“Pain is just part of aging.”
That’s what my doctor said to me when I said I was scared about taking pain killers on a daily basis for the pain and stiffness in my hands. I’m a retired court reporter, and my hands have always been very important to me.
My hands were not my only problem; I also have irritable bowel syndrome. That drove fear too: fear of food, fear of going out to eat, fear of social situations and fear that I would have no other recourse but to take Imodium indefinitely. “Pain is just part of aging,” is just another way of saying, “Stop complaining.” I wanted a better answer and I wasn’t going to get it from my doctor.
Inflammation of one kind or another has been my near constant companion for about eight years. It started with stiffness in my hands and reared its ugly head in the form of IBS around the same time. I did acupuncture, finger massage and stretching for my hands. And for my fired up colon I took drugs prescribed by my gastroenterologist and ate more vegetables, fruits and whole grains. I thought I was doing the right thing.
When a friend told me about Suppers, I thought I could at least go and learn more about preparing whole food. I also liked the idea of meeting people who deal with digestive issues and support each other’s food choices. So I went in expecting to eat and prepare delicious, nutritious food. What I did not expect from a nearly free-to-users program that makes no claims about health outcomes was release from fear and pain. But that’s what happened when I worked the program.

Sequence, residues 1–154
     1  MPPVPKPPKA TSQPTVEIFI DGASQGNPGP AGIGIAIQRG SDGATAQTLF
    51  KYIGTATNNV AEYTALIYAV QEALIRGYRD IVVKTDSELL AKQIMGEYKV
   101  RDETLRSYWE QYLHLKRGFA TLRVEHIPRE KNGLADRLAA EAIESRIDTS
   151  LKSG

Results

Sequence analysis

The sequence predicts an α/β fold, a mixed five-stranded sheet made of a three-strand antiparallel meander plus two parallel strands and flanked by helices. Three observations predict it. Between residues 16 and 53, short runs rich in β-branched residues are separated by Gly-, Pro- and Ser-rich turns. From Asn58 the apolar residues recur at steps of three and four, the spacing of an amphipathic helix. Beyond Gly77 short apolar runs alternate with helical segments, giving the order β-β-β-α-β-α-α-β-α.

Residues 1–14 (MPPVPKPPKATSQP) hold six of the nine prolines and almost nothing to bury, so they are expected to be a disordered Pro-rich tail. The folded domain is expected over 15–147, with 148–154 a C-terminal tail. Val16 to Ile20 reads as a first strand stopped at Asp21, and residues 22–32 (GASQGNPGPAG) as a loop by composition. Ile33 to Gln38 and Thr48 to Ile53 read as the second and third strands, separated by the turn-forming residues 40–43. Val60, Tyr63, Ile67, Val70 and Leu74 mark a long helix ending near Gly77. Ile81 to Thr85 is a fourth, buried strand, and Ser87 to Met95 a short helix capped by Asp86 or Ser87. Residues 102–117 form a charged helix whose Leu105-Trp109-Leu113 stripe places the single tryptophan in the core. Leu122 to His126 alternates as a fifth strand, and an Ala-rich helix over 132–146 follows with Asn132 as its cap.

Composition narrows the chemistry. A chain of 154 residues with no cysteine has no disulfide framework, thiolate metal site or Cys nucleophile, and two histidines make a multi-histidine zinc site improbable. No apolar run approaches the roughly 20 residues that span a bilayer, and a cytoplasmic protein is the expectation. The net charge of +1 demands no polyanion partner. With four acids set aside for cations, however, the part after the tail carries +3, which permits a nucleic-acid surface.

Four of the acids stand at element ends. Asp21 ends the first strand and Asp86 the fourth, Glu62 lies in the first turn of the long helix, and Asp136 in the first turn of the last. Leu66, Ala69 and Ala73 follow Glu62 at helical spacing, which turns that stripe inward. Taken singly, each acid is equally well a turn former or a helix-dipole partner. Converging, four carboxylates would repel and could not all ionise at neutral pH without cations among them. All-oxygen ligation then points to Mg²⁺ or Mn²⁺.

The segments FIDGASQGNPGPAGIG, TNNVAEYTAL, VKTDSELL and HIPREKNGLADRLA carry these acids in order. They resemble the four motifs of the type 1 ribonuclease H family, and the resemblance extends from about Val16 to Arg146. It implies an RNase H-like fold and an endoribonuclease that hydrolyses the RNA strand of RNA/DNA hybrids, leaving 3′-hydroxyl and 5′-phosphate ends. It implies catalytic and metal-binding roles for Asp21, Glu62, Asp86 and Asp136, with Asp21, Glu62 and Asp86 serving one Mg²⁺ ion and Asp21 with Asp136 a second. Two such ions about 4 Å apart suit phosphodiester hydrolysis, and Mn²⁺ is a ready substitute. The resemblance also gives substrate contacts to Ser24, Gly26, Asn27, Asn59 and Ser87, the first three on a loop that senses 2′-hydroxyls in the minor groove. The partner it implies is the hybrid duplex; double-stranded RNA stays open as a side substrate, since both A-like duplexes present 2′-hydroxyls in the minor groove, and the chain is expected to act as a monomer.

I no longer feared food.
That is a highly charged sentence for me, a person who has felt trapped inside burning walls of pain, fear of a lifetime of medications, and fear of eating.
There must be others like me out there who don’t accept that pain is just part of aging. OK, it takes some work. But let me point out that by doing my elimination experiments in the safe and creative settings of Suppers meetings, I was able to identify and eliminate the true driver of the pain in my hands: sugar. And avoiding wheat, dairy and sugar has resulted in a 90% improvement of the IBS symptoms too. I learned how to shop for and prepare delicious meals. Within a year, not only was I able to provide myself with some long overdue nurturing, I felt confident enough to nurture others too.
Pain gets in the way of so many things; it was shrinking my life. Freedom from pain expanded my world by giving me confidence again around socializing, food choices, and feeling like I’m in control. Today when I have some pain, it takes only half an ibuprofen to resolve it, instead of three to four NSAIDs. More importantly, by working a program that increases my self-awareness, I can often peg the culprits; I can often say to myself, “Vicky, the pain is not normal aging, you just got exposed to sugar.”
Part of the work we do at Suppers is matching solutions to problems. For me, the real solution was identifying which foods set me on fire and getting the social support I needed to create a new relationship with food. For me, gratitude is an engine. As soon as I learned how to resolve pain for myself I started planning my own meeting, co-facilitating with the friend who brought me to my first meeting. The people who benefit most are the people who serve. I can’t imagine a more fulfilling way to stay in my own process than to roll up my sleeves and work with people whose pain is NOT just part of aging.